By living in the ultrafast lane.


QUOTE (julf @ Mar 13 2013, 15:21) *
Lucky you. When I was a teenager, we didn't have any CD's... smile.gif


QUOTE (pdq @ Mar 13 2013, 15:56) *
When I was a teenager we didn't have stereo (or color TV for that matter).


– In them days we was glad to have the price of a cup o' tea.

– A cup o' cold tea.

– Without milk or sugar.

– Or tea.

– In a cracked cup, an' all.


This post has been edited by Porcus: Mar 13 2013, 16:01


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bilbo
post Mar 13 2013, 16:21
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QUOTE (pdq @ Mar 13 2013, 09:56) *
When I was a teenager we didn't have stereo (or color TV for that matter).

But we had 78's! I still remember the listening booths in the record store so you could sample the albums before you purchased.


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Canar
post Mar 13 2013, 16:52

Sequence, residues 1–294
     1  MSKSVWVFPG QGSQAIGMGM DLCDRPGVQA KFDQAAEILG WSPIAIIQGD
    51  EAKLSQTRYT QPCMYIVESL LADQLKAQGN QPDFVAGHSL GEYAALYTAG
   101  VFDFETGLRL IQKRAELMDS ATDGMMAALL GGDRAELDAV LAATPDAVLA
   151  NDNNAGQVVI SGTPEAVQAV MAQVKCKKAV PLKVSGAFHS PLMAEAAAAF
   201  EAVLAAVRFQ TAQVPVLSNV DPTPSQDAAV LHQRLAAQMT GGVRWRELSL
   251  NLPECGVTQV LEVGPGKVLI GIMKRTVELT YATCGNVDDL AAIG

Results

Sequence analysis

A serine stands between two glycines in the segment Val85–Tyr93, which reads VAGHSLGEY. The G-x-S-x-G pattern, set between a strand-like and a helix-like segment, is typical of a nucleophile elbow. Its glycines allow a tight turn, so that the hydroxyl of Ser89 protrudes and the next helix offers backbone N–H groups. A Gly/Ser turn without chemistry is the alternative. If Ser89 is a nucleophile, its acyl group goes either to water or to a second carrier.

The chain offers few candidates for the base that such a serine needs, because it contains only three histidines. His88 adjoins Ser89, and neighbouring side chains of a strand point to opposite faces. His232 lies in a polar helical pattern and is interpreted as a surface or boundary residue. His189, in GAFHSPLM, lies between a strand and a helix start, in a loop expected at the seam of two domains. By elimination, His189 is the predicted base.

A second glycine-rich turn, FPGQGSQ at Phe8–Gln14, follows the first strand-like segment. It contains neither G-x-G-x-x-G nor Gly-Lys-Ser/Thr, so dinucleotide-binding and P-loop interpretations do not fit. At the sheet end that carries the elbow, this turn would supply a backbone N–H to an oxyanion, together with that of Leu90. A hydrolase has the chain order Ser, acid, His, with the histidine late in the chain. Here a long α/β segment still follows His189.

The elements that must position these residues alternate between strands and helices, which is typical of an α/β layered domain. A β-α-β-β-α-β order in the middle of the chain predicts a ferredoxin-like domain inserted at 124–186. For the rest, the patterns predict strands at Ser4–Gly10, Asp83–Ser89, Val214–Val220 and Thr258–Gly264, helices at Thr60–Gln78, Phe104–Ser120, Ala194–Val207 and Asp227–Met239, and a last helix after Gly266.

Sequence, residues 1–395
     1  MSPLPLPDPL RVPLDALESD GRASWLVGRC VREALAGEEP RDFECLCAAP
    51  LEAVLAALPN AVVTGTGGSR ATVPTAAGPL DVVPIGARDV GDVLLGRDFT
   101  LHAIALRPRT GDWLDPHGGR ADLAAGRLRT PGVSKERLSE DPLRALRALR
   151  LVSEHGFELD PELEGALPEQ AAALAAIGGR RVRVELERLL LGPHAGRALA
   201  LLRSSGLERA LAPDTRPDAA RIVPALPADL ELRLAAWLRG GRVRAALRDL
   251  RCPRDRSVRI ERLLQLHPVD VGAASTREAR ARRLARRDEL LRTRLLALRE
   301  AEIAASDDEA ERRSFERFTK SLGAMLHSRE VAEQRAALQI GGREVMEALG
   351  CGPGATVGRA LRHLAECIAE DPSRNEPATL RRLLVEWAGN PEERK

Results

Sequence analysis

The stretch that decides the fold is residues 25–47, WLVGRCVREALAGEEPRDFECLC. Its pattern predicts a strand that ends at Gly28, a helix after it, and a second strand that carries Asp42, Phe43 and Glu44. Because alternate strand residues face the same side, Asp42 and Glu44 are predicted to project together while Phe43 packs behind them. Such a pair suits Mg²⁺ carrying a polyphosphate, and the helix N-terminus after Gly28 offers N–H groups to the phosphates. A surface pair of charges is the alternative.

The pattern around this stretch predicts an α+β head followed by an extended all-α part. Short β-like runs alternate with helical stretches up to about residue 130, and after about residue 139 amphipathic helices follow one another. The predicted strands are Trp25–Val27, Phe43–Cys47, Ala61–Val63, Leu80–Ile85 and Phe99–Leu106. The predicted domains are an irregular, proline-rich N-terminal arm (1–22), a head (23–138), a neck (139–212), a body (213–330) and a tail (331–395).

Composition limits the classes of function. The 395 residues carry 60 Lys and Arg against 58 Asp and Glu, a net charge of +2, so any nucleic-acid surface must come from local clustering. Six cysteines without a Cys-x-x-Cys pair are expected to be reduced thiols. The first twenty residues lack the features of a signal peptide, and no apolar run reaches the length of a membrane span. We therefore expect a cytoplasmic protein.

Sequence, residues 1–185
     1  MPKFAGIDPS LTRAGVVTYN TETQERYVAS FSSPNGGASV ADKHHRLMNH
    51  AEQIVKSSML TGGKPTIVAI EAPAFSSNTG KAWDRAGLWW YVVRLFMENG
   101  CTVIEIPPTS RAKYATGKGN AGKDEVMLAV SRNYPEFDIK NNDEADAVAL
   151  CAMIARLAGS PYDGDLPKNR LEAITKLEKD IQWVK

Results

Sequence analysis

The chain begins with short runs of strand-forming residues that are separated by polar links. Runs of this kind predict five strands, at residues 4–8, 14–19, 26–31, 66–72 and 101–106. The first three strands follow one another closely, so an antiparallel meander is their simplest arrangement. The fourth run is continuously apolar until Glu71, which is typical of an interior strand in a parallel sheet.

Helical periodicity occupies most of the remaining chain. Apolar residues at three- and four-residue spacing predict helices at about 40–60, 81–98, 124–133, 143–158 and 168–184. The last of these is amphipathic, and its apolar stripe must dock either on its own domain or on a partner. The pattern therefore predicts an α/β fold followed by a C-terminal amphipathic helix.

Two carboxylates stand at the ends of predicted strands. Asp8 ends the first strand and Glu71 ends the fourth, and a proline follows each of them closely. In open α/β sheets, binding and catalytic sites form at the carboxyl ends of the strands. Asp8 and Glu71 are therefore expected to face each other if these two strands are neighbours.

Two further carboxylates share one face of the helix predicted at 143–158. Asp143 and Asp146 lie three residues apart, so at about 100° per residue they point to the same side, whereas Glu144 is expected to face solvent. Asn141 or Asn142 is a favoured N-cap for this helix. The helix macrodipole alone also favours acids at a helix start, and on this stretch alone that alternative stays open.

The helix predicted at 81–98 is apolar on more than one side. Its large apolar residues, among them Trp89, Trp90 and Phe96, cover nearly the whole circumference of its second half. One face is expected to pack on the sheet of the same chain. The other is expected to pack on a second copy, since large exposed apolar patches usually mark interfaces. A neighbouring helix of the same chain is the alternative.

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You kids and your plastic media...

...be back in a bit, I need to check that my wax cylinders are still okay.


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2Bdecided
post Mar 13 2013, 17:44
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QUOTE (Canar @ Mar 13 2013, 15:52) *
You kids and your plastic media...

...be back in a bit, I need to check that my wax cylinders are still okay.
Most of my wax ones don't. Mould gets them. The 2 minute indestructibles (made from an early form of plastic) and 4 minutes Blue Amberols (ditto) are fine though. They'll probably outlive me. (those links are to modern copies - cylinders, both wax and plastic, are still being made!).

You can still record wax cylinders live too...
http://www.youtube.com/watch?v=CJXDtrq4McY

Cheers,
David.
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db1989
post Mar 13 2013, 17:44
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QUOTE (pdq @ Mar 13 2013, 14:56) *